Flowers for Algernon/
Observations on Love and Memories
My dearest Wally,
I hope you can forgive me, my friend. I’ve been meaning to write you for quite some time. But in all honesty, the past several months have been very difficult. Something silly happened to Mr. Ryan and, well he got distracted and he lost interest in writing. Yet all is well now. Gratitude has a way of lifting one’s spirit. I’ve learned that the sun always rises in the morning and if you are able to witness its awakening you should consider yourself blessed.
Fortunately, I am beginning to hear the songs of birds again. I’ve gotten back into the habit of singing. But most importantly, I’ve been buying myself some flowers. Yes, it would be great to have someone to give the flowers, but it’s just as equally important to take care of yourself. Here’s a secret, and you must promise me you’re not going to tell anyone I told you about it. As much as us grownups like to appear as if we have it all together, that isn’t always the case. No, we get anxious too. Last year was an extremely challenging year for everyone. Especially us adults. There was a lot of loss and uncertainty. Many people were lonely. And almost all of us were at times anxious. But that’s where you come to mind, my dear friend. Because of you, I’ve been able to revisit some stories from my childhood. Stories with characters who have stayed with me. What are some of your favorite books?
I’m a fan of science fiction as a genre because, in my humble opinion, it creates the space to ask difficult questions in the most imaginative ways. Like you, I had a small group of friends when I was your age. But there were many perks to being a wallflower. For one, a wallflower has no choice but to observe the comedy of life. Through observation, the flower notices things about other people that are difficult to witness from the center. Mind you, this in no way makes the wallflower better than anyone else. Like pieces in a massive puzzle, everyone is intentionally designed to be a part of the greater whole. If anything, being a wallflower can be difficult, isolating. But despite the struggle, the wallflower’s piercing observations about life do have the potential to broaden other people’s perspectives. And that my friend, is a gift one should never be ashamed of.
Outside of being an observer, a wallflower learns to become friends with his imagination. One of the ways I would feed my imagination is with books. Books allowed me to connect with others, well, characters. I thoroughly enjoyed reading. Even though life was sometimes uncertain, I could always easily get lost in the pages of a novel. My favorite style of literature was the epistolary novel. Are you familiar with it? Well, an epistolary novel is typically a collection of letters, notes, or journal entries. I’m a fan of the epistolary novel because, well one, they’re quick and easy to read, and two, it's nice to imagine that you have a friend who has taken the time to share their life with you when you spend a great measure of time alone.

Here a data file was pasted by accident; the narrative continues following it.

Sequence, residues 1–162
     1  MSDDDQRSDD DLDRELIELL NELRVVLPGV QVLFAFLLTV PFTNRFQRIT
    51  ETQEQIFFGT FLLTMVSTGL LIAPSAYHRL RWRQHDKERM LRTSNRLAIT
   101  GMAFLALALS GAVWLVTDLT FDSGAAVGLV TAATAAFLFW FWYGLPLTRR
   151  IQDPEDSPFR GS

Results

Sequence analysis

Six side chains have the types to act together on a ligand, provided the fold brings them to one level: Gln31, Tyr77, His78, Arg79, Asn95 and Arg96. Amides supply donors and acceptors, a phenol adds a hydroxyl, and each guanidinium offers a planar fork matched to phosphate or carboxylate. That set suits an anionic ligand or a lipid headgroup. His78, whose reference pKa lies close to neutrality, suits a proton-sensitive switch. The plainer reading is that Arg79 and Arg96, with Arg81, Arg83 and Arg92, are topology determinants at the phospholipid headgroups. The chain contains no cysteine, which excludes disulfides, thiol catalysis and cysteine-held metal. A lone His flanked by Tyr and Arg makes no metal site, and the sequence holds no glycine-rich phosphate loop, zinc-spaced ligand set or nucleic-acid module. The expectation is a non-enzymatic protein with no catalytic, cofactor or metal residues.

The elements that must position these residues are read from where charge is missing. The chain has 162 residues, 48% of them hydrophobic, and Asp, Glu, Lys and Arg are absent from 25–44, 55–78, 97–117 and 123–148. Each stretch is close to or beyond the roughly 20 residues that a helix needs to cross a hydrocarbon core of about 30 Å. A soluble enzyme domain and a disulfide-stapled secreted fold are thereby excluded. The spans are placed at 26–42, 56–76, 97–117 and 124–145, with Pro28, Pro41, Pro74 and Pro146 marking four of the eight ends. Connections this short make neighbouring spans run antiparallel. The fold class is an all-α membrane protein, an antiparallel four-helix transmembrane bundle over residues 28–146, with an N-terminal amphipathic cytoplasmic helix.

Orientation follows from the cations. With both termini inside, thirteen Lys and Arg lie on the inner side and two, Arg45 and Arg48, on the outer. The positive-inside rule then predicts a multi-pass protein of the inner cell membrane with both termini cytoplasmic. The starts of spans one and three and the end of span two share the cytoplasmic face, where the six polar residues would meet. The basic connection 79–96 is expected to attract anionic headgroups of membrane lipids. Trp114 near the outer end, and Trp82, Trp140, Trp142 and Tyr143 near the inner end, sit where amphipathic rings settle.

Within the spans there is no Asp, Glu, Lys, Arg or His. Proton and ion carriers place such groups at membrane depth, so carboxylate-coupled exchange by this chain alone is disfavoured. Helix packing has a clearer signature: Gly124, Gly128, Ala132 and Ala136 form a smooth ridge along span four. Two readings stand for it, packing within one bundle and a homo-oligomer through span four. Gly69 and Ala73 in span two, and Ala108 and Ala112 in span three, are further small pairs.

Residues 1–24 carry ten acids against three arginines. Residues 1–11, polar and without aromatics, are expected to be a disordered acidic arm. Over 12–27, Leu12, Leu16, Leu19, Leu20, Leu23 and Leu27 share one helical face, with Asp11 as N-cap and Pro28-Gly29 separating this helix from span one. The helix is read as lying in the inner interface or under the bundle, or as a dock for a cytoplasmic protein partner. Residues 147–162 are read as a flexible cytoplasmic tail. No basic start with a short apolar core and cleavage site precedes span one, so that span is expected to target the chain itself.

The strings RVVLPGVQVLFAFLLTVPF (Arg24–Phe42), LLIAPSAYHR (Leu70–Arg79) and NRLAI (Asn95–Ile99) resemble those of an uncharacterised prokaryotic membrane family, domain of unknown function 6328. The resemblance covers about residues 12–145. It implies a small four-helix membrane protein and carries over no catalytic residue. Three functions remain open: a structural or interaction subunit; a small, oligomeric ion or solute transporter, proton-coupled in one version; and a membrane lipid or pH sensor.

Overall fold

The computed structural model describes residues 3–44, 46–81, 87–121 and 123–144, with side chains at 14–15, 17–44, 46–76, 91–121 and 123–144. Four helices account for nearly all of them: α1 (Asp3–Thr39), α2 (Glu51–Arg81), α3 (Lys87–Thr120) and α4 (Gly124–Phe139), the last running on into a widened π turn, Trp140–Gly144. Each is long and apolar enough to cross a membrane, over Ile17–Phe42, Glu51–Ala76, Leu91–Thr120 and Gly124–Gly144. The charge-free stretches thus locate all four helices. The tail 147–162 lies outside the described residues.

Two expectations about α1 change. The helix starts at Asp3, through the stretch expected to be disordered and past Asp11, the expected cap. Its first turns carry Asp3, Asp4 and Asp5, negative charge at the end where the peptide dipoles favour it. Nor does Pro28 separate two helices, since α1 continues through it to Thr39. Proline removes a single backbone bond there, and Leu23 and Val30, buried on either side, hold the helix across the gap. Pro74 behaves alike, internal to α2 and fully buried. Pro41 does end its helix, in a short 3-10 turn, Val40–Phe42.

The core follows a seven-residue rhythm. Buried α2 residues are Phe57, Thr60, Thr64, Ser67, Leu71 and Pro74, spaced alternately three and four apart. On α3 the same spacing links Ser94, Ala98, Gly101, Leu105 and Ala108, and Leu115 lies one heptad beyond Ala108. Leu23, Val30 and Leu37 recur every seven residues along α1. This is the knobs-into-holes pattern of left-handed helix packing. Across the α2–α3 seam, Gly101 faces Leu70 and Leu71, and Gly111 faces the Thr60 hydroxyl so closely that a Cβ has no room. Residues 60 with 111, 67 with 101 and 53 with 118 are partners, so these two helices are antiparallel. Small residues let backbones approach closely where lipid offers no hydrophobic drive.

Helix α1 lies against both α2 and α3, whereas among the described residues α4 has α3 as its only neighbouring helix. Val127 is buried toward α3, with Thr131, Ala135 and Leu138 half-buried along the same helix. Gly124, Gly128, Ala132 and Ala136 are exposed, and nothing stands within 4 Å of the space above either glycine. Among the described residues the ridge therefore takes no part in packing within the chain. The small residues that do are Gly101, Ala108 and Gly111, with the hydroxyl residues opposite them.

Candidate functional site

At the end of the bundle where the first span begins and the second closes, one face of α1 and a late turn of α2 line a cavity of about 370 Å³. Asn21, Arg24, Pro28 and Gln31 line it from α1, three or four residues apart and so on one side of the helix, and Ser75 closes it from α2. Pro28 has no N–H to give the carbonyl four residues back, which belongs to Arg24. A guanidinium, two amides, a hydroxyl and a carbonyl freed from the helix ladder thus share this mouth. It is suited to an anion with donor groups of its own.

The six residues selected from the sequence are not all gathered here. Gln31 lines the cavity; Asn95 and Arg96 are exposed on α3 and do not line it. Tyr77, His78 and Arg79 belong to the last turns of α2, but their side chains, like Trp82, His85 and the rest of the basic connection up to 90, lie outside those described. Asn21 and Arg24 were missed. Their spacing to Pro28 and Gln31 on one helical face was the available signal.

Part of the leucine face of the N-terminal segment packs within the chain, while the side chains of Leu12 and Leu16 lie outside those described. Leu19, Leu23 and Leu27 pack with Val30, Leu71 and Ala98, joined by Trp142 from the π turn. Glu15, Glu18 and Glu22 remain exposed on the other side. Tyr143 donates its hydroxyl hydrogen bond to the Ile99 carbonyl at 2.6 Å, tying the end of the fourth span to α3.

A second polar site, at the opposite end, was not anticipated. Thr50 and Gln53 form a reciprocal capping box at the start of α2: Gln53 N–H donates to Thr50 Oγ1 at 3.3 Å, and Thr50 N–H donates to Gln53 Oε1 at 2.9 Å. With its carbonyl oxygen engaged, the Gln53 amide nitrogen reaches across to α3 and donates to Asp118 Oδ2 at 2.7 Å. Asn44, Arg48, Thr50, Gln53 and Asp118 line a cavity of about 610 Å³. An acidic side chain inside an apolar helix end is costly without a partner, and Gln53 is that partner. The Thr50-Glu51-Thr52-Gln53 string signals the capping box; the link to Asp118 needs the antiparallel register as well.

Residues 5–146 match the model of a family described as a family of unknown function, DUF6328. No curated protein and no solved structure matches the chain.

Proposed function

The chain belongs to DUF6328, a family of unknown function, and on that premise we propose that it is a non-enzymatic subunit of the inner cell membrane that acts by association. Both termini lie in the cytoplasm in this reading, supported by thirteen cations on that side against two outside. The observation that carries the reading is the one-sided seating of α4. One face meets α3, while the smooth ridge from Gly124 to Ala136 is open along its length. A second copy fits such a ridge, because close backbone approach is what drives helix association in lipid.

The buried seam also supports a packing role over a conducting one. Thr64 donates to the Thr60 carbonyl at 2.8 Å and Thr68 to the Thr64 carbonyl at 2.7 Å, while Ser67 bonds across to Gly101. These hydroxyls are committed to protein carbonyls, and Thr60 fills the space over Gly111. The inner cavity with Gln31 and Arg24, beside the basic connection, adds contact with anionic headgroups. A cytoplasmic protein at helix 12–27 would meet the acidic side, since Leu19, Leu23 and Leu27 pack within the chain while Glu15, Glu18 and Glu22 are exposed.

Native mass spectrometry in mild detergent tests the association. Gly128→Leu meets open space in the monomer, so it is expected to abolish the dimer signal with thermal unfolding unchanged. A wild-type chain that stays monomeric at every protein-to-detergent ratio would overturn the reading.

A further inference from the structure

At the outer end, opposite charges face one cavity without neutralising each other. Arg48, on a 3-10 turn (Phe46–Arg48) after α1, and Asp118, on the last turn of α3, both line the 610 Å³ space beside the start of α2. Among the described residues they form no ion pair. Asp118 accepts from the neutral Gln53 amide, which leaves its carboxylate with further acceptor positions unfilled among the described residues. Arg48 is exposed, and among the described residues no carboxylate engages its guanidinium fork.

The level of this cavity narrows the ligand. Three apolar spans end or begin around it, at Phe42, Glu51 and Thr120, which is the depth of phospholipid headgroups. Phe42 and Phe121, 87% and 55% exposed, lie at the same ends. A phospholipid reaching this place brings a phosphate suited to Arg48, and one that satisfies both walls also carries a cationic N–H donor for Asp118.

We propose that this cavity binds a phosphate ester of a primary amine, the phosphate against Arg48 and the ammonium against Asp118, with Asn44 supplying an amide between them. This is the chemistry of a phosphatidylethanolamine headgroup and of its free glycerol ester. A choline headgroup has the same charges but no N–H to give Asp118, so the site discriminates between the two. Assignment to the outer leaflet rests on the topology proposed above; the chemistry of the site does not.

Let’s see… there’s Alice Walker’s The Color Purple - read that if you want to cry.
Goethe’s Sorrows of a Young Werther – highly tempting if you’re feeling thunderously passionate.
Steven Chbosky’s The Perks of Being a Wallflower - a must for anyone who has ever felt misunderstood.
Rilke’s Letter’s to a Young Poet – A wonderfully inspiring collection of letters that are well suited for any blossoming young artist.
I mean, the list goes on, and I would highly suggest you read them when you find the time. But the story that’s been on my mind the most lately is Daniel Keye’s Flowers for Algernon. Despite the title’s romantic implications, it’s a sad story about the friendship between a man and a mouse—a man and a mouse with the same mind.
The story is presented as a series of progress reports written b y a name man Charly Gordon. Charly is 32 years old and he has an IQ of 68…Please forgive me my friend, sometimes Mr. Ryan forgets that you’re only 16 years old. How about this? Close your eyes and imagine an adult man who has the thinking ability of someone in third grade. Got it? Great.
During the day, Charly works a simple job as a janitor at a plastic box company. He tells the reader that some of his coworkers are his friends. But he senses that there is something wrong. For whatever reason, his “friends” only enjoy his company when they are laughing at him, or when they ask him to do silly things. Charly also notices that his friends rarely invite him anywhere outside of work. Even though he enjoys their company, he doesn’t like the way he feels when he’s with them.
Sometimes when someone is lonely, he doesn’t like pain being by himself, in fact, the pain can be so overwhelming he’ll make an intentional decision to avoid the truth.
And the truth was that Charly was 32 years old with a learning difference that made most adults uncomfortable.
The truth was that Charly was 32 years old and he had never been in a romantic relationship before. More than anything, he wanted to share his life with someone.
Ok, I know right now you’re thinking relationships are awkward or are not that important, but you just wait young man. Trust me by the time you turn 32, you’ll begin thinking that life may be better if you were to spend it with someone by your side.